In our deepest of hearts, we gamers have always known that video games can’t be as bad as society’s made them out to be.

And now we have scientific proof to back us up.

Several studies in the last few years have shown that the benefits of video games have a greater positive impact on the development of the mind than previously thought. Researchers say that playing games could make you smarter than if you didn’t play them at all.

Video Games Help Teach Us

“Video game brain training has the same effect as reading a book or riding a bike,” writes Dina Spector. “When the brain is learning, thousands of new connections are being formed. The addition of a reward system motivates players to continuously improve their skills.”

And video games definitely improve learning skills. In a talk at TEDxKids in Brussels, Gabe Zichermann told the story of Ananth Pai, a Minneapolis-based educator who replaced the regular curriculum in one classroom at White Bear Lake Elementary School with his own, custom-made, video game-based curriculum. The games were both individually and socially-based, and focused on teaching the students math, English, science, etc.

After only 18 weeks, the students in Pai’s classroom went from a below-third grade level in reading and math to a mid-fourth grade level. Zichermann said Pai’s students described learning as “fun” and “social.”

This just goes to show that learning can be done through the right educational video games.

They Also Improve Our Mental Functions

In another study published in the August 2013 issue of PloS One proved that certain types of video games can definitely make you a more flexible thinker (many experts assume that if you’re able to deal with lots of information at once, you’re more likely to be a smart, out-of-the-box person).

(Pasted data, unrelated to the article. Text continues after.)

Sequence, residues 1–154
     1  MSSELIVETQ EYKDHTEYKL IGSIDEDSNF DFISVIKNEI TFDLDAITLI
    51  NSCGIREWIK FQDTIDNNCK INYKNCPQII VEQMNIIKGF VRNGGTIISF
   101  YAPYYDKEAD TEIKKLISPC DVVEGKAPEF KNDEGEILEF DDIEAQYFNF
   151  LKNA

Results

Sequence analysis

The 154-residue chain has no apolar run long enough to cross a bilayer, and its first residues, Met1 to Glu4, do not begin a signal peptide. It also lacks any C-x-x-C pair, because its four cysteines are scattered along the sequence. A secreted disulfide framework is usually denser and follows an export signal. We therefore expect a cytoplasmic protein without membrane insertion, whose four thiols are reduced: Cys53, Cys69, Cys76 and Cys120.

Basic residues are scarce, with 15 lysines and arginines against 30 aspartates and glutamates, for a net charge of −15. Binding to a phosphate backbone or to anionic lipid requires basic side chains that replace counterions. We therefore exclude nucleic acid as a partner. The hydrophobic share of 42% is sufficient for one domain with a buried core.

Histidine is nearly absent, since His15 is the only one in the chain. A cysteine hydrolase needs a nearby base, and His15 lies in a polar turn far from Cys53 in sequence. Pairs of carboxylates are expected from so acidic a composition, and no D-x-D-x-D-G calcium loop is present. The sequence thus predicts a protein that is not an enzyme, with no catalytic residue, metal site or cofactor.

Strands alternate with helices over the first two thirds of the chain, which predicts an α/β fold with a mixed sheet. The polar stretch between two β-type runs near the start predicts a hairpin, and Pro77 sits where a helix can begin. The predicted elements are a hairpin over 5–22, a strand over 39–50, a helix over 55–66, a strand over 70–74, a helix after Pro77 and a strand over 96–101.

The researchers had one group of participants play a simple version of StarCraft, another group playing a complex version, and another group playing the SIMS (a life simulation game that doesn’t require nearly as much strategy as StarCraft). After the groups played their games for 40 hours, they were given a series of cognitive flexibility, visual tracking, and task-swapping tests.

Though there was no significant improvement in the latter two tests, the researchers found that the StarCraft players (particularly the ones playing the complex version of the game) retained more information and scored higher on the flexibility tests than the group playing SIMS.

This study suggests that if you want to get smarter, you better start playing more strategy-based games.

Many of these studies point out that other factors come into play when dealing with video games, like the amount of time someone puts into a game or their predisposition to violence, which can obviously sway results.

But the overall takeaway is that more educational, strategy-based games will help exercise the average gamer’s brain in positive ways. So if all you’re playing is Call of Duty, you may want to turn on your computer and pump out a few League of Legends games if you want to get smarter!

Want more from the Das Keyboard team? Like us on Facebook and follow us on Twitter!